Cheek implants have been around for over fifty years and have obviously evolved in their designs since then. Once almost exclusively used for female facial enhancement, more and more men today are interested in how they can enhance their midface as well. But as one might imagine there are gender differences in cheek shape and it often involves more than just an implant size difference.
The concept of the cheeks and what makes a pleasing cheek shape has variable aesthetic interpretations. But it can be fundamentally broken down into either a rounder more anterior fullness (apple cheeks) or a more superior linearly oriented appearance. (high cheekbone look) The former provides an augmentation that enhances the shape of the main cheekbone body while the latter augments the cheekbone body and arch. The high cheekbone look dominates the model face, particularly in men.
While standard cheek implants are designed for augmenting the main anterior body of the cheekbone, there is no standard implant currently available to create the high cheekbone look. Short of making a custom implant design to do so, how can standard implants be used to help create that look? (sort of)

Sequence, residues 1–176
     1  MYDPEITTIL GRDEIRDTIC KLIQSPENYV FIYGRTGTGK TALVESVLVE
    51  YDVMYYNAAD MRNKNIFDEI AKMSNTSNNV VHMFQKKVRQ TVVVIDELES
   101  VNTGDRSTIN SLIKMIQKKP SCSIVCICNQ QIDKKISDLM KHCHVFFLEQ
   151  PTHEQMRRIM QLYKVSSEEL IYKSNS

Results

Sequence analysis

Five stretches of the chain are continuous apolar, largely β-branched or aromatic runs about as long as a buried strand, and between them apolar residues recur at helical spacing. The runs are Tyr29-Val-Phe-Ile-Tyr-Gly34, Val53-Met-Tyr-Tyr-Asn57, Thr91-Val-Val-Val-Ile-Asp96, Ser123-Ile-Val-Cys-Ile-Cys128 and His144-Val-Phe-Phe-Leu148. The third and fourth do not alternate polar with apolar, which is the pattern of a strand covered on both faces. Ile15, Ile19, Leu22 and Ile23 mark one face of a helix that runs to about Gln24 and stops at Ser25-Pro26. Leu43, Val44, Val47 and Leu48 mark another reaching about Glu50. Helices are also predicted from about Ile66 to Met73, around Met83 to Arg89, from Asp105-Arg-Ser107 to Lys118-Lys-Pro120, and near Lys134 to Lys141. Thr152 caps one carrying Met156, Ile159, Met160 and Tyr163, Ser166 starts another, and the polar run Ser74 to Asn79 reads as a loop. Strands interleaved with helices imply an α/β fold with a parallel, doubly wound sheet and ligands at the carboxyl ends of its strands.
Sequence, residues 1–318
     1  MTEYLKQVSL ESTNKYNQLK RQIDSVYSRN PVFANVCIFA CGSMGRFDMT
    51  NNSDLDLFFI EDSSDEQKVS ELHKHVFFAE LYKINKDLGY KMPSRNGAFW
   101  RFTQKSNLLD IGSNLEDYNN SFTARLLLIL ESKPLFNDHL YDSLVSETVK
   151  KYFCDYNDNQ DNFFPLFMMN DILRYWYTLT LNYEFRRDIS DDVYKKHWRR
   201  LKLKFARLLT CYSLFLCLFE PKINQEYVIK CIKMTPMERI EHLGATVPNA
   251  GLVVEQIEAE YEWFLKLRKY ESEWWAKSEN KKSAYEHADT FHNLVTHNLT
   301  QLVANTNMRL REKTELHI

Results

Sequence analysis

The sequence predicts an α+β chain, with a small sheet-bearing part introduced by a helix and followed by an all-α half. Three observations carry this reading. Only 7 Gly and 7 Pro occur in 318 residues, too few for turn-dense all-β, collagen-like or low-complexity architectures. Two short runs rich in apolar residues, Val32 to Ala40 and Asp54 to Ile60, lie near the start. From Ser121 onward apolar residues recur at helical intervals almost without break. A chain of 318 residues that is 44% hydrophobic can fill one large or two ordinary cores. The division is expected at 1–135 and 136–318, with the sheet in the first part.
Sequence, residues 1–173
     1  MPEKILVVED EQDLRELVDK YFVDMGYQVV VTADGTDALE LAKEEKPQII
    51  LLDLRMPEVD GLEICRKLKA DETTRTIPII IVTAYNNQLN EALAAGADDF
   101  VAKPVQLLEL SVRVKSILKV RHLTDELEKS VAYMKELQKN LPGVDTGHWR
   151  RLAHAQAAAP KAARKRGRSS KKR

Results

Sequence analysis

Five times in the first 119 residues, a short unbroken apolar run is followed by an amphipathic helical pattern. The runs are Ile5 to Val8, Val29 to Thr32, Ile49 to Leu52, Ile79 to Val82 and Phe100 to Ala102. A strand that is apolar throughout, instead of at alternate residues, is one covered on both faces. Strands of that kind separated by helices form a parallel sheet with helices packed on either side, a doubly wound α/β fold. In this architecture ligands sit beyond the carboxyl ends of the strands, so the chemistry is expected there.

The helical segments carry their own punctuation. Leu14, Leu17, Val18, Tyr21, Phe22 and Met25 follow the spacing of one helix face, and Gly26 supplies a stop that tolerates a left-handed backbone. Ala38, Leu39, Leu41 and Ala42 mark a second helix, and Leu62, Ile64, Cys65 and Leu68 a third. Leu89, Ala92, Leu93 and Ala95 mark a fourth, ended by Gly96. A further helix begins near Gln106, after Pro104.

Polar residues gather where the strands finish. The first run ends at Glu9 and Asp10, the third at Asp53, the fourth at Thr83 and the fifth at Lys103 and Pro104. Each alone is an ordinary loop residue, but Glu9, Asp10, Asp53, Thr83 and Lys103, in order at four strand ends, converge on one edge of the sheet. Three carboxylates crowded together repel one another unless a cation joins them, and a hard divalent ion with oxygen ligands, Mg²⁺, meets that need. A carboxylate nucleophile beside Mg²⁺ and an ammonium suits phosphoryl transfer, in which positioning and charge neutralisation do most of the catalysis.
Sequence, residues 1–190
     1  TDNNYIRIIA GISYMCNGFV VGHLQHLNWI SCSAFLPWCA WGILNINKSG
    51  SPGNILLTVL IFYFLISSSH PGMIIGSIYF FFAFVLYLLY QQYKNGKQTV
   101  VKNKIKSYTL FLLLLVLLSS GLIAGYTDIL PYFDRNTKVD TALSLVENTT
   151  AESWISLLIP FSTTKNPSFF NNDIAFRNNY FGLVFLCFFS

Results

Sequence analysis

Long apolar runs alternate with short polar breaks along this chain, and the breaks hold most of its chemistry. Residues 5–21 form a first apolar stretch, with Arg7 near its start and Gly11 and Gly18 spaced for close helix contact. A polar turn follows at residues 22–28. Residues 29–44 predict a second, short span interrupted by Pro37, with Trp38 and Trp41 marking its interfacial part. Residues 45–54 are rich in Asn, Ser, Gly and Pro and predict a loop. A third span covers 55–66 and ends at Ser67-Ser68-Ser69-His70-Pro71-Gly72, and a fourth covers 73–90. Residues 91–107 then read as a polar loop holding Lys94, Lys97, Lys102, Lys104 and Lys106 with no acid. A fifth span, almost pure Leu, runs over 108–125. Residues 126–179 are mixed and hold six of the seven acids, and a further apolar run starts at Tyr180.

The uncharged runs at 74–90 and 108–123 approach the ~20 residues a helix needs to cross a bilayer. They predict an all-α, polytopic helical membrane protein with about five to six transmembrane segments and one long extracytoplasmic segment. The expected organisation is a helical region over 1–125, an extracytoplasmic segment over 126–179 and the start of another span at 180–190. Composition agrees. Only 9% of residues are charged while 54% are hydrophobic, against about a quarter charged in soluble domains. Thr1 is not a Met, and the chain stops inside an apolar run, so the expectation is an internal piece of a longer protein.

One method is the implant inversion technique. Using a standard malar shell style implant, whose fullness is designed to be lower on the cheekbone, it can be flipped or inverted and used on the opposite cheek for which it is designed.
In other words take a left malar shell implant and flip it over and use it on the right side. That will place the more robust portion of the implant higher on the cheekbone as well as having a bit of a zygomatic arch tail was well.
Positioning of the implant on the bone is also important. Keeping the implant high can be assured by a single self-tapping screw placed through the implant to the upper end of the zygomatic buttress.
While a custom cheek implant specifically designed to create the high cheekbone look is always preferred, the implant inversion technique can be useful in that regarding the properly selected patient.
Dr. Barry Eppley